As far as food choices go, Five Four One has a variety of options produced by chefs and student workers. Students have input in the customization of their meals topping choices as well, according to Rouse.

“Some of their really popular items are grain bowls which are a base of quinoa or rice that are topped with different legumes and vegetables”  Rouse said. “Those particular dishes are vegan at the core.”

Customers can have the choice to add in meat or cheese options if they’d like, but it was designed this way so people do not have to specifically request for items to be vegan.

In addition to that, they also have hand crafted pizzas and pastas made from in-house made dough. In fact, they even utilize their own pasta making machine.

“They actually source the flour from a little farm down in junction city that grinds their own flour and

that is used with a blend of semolina flour to make the pasta here,” Rouse said.

According to Rouse, Five Four One is unique because it allows chefs the opportunity to pick the vegetables they want to use.

“I think it’s not what people would expect when they think of college food service. They kind of think more institutional and one size fits all.”

1st Place Advisor

Adviser Dan Schwab motivates students without judgement

By Delaney Shea, News Contributor

College of Business adviser Dan Schwab is an example of someone who truly loves their job. From serving in the U.S. Army, to working at Oregon State University as the Director of Student Conduct and Community Standards, to advising college students who are interested in business, he has always been passionate about helping people challenge themselves and continually work toward their highest potential. At OSU, his ability to encourage and guide students may be what makes him the most popular adviser.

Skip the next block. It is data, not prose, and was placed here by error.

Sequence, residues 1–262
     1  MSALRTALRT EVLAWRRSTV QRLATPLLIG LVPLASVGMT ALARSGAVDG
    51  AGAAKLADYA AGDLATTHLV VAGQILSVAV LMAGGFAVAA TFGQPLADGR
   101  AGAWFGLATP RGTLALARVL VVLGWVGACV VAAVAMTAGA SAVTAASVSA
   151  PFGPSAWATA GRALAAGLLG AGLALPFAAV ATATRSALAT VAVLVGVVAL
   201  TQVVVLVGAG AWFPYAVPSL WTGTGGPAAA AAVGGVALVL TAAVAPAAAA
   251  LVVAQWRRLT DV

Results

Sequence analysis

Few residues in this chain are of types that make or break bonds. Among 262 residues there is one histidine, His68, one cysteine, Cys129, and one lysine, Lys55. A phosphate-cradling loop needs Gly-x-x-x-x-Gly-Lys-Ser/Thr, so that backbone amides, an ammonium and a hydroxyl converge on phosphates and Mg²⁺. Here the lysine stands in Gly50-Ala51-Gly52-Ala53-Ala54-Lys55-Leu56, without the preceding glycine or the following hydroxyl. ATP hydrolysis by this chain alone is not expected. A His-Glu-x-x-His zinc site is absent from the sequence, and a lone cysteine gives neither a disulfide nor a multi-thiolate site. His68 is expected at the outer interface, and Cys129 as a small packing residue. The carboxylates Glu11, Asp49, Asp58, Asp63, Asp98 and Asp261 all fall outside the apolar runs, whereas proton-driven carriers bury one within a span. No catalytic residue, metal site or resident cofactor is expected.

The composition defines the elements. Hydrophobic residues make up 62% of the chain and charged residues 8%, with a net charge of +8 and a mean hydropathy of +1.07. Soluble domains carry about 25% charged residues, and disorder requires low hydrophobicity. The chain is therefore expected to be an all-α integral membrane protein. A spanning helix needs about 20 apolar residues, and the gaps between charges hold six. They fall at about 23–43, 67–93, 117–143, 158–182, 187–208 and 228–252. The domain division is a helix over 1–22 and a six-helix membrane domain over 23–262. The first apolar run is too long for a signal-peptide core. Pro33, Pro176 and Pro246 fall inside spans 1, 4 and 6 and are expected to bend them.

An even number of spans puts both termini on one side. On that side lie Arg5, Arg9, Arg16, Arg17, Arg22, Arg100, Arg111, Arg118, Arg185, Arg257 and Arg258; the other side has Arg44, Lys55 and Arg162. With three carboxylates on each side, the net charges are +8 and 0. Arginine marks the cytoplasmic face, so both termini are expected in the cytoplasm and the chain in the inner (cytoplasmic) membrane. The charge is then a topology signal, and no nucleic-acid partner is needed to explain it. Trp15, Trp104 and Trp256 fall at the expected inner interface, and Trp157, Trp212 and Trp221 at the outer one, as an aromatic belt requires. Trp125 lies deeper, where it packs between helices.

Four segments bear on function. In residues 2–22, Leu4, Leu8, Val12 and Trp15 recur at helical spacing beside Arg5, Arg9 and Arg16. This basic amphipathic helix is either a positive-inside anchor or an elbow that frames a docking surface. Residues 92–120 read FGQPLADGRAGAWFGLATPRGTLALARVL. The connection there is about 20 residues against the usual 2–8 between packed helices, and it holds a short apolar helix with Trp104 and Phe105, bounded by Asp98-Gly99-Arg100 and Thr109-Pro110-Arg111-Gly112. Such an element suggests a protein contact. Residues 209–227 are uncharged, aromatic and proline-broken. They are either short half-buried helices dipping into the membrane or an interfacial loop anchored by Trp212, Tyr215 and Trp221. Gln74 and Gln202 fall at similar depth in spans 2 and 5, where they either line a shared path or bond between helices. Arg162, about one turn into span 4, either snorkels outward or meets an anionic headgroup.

Schwab has only been an adviser since summer 2013, but says advising is his favorite job so far, and the one he wants to do for the rest of his career. According to Schwab, he’s here to help students achieve their highest potential, surpassing even their own expectations.

“I’m their cheerleader,” Schwab said.

One thing that he believes helps him stand out as an adviser is that he always assumes the best in his students, according to Schwab.

“I always assume the best in people. Basically you start at 100 percent, because I don’t know you, so you’re at the highest standard,” Schwab said. “I don’t wanna pre-judge, and that’s something I really don’t do: I don’t like to judge at all. I just want to help students kind of discover who they are and go after their dreams.”

According to Schwab, as an adviser, he loves hearing from students who have gone out and challenged themselves and achieved success.

“Students give me that feedback of just a thank you, and that’s all I need. A thank you—that’s worth hundreds of dollars to me,” Schwab said.

T1st Place Bacc Core Class

Native American Flute class offers students a chance for self-expression

By Kaleb Reyes, News Contributor